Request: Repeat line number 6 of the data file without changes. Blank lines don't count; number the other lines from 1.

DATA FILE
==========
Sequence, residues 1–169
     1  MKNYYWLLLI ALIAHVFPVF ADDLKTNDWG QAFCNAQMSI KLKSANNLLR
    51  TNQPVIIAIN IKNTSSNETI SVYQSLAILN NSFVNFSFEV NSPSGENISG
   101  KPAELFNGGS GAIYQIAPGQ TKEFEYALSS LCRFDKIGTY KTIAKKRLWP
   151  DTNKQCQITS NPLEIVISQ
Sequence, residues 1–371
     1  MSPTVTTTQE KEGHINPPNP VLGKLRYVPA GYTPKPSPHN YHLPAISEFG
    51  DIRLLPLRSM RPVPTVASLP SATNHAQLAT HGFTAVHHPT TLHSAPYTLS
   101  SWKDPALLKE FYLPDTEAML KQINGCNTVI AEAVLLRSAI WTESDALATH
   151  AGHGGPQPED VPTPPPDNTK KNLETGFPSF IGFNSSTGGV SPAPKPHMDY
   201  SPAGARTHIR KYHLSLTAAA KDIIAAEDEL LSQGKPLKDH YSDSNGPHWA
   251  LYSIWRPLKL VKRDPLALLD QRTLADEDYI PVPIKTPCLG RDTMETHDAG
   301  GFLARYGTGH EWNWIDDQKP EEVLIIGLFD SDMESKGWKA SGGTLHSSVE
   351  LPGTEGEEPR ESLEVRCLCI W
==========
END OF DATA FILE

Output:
Sequence, residues 1–371